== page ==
I want to preface this column by saying I really like the office administrators at my kids’ school. They are friendly, efficient, organized and generally wonderful.

That said, when the phone rings and the school number comes up on the call display, I don’t particularly want to talk to them.

Usually I would much rather dive under my desk and slap my hands over my ears. Nice. Dark and quiet.

Except those clever office administrators have my cell number, too, and they know how to use it. Often they call it first, and I will be caught somewhere with no desk for diving. If it weren’t for the fact I love Mr. George BlackBerry, executive assistant, I would be inclined to fling the phone into the bushes when they call.

Why so tense? Well, I would love to be able to say they are calling to tell me that one or both of my children have been nominated for the Nobel Peace Prize or that they have been selected to be honorary chairs of a special philanthropic children’s foundation or even that they won a prize or some such glorious thing.

I am grateful, at least, they have not, so far, called to say my children have been expelled.

I think they have me on speed dial anyway, and the reason they do is because Germ Season™ has begun.


One of my kids (the one who is not crazy about school) occasionally falls victim to illnesses that feature ambiguous symptoms. This leaves me guessing as to the veracity of the claim, thus throwing me into turmoil: am I an uncaring mother who lacks sympathy for her child who is actually sick or simply a frazzled mother who is trying to work and has reason to be suspicious?

Either scenario is undesirable.

There are few other phone numbers that cause me such angst. Sometimes when they pop up I am tempted to dive under the desk. Usually I don’t though, because I don’t fit very well underneath. And it’s dusty under there. It’s just easier to answer the phone if I am in its vicinity.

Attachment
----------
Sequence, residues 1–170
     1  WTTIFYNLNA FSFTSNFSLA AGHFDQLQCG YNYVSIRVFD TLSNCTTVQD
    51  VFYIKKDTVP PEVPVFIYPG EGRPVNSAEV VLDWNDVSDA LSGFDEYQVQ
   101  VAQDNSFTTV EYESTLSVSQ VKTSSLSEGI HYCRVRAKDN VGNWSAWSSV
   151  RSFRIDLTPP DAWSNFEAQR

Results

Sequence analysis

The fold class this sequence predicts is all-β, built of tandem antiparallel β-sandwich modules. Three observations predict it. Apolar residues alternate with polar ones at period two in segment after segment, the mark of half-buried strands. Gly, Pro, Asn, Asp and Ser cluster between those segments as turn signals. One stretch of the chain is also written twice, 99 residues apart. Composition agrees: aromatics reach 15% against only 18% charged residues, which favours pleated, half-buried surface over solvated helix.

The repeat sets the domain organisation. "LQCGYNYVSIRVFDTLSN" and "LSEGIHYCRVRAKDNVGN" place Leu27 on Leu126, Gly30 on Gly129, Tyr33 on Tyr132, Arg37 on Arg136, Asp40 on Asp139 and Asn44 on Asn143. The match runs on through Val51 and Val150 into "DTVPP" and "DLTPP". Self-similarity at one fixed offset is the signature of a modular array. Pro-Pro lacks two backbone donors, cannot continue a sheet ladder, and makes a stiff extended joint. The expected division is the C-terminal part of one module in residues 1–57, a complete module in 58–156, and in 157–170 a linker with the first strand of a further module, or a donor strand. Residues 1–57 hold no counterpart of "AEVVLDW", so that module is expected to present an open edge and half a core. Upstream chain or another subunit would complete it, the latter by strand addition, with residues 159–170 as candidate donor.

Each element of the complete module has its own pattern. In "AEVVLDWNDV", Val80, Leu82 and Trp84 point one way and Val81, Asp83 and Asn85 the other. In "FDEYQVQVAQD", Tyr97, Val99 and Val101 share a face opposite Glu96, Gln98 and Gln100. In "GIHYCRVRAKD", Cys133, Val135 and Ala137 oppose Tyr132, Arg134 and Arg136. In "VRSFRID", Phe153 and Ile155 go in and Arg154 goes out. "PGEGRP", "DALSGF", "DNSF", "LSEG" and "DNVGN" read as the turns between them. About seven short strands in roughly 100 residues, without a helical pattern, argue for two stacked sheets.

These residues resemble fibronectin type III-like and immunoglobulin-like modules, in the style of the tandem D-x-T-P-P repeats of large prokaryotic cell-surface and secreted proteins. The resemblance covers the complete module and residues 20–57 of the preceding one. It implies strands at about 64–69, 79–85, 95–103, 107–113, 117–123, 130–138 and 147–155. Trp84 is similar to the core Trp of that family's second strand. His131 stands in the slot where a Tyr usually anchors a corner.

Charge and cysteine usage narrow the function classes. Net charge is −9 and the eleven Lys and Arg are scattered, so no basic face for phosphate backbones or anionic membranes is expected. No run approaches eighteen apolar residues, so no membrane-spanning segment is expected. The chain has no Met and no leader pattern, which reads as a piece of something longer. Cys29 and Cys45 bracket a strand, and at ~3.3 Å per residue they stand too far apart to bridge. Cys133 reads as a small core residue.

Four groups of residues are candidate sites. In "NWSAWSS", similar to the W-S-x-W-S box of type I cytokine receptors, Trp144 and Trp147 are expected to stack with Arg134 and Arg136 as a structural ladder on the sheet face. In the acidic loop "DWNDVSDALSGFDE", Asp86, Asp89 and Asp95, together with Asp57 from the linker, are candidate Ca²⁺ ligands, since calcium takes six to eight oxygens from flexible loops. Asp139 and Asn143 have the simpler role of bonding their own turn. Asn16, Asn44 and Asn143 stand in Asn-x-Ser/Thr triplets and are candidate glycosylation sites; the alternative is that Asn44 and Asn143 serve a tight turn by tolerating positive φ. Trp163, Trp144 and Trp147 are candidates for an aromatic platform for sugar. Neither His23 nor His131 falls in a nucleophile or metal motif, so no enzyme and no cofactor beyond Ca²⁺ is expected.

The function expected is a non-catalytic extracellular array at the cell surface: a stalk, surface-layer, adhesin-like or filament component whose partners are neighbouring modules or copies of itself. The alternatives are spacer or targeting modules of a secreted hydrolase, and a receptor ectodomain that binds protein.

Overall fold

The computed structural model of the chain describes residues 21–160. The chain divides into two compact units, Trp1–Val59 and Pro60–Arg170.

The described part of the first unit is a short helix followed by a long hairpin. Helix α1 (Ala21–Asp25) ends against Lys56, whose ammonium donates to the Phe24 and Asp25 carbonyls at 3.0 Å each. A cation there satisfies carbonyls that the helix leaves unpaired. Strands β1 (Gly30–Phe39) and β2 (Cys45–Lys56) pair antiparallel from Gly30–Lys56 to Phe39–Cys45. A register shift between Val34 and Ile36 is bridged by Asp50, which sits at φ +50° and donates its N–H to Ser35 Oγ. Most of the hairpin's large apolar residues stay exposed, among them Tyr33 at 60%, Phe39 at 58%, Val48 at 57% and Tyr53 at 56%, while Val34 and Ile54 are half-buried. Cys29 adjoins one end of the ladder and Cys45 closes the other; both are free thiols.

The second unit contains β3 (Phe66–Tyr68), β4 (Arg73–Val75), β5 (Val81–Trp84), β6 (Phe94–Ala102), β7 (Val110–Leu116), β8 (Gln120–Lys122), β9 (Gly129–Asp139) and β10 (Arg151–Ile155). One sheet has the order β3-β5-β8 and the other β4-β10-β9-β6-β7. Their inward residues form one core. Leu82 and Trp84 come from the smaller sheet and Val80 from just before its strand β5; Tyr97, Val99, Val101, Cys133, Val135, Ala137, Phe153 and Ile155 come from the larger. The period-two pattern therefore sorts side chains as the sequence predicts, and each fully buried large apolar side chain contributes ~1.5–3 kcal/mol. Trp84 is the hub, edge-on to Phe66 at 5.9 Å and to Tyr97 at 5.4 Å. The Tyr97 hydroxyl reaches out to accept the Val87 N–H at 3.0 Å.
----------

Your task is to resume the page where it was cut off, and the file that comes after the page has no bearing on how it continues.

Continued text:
I am cautious with unknown numbers, however. I sometimes hate talking to strangers. It’s one of the reasons I left reporting – so many strange people. I mean strangers.

Anyway, back to unknown numbers. There’s just something so darned unknown about them, don’t you find? Somehow my spirit of adventure (chortle) is not ignited by the mystique of answering mystery phone numbers.

After all, it could be a salesperson or a scammer or someone offering me something free that isn’t really free. Will I get trapped into answering questions for a survey that is “only going to take a couple of minutes, ma’am,” but ends up taking 20 minutes right at supper? Am I going to be tricked into revealing my social insurance number and bank account info and mother’s maiden name because I have trouble saying no?

Better to dive under the desk, I say. If it’s important they will leave a message.

(Okay… so if you ever call me and I don’t answer are you going to be imagining me checking messages while cowering under my desk? Hehehe.)


Sometimes you get to recognize unknown numbers, thereby making them somewhat known, and can still confirm they are Big Trouble™.

This is true when Utah calls (No offence, Utah.)

Regular readers may remember I wrote a year ago about getting to know all of the many numbers associated with a collection agency in Utah. I wrote them all down when they popped up in the middle of the night so I could call to lodge various complaints.

They were trying to send a fax to our phone line, and we finally figured out the fax they were trying to reach was one number off of ours.

It was definitely a relief to get that sorted out. As much fun as that was, I don’t miss the heart-pounding middle-of-the-night wake-up calls.

Similarly, as awesome as they are, I would much rather chat with the office administrators when I pick up the kids after a full, healthy day at school.

Here’s hoping! Germ season is only just beginning….

Published in The Perth Courier, Oct. 27/11

Past Deadline: The Semantics of Nuttiness

I think there’s something in the water at the CBC.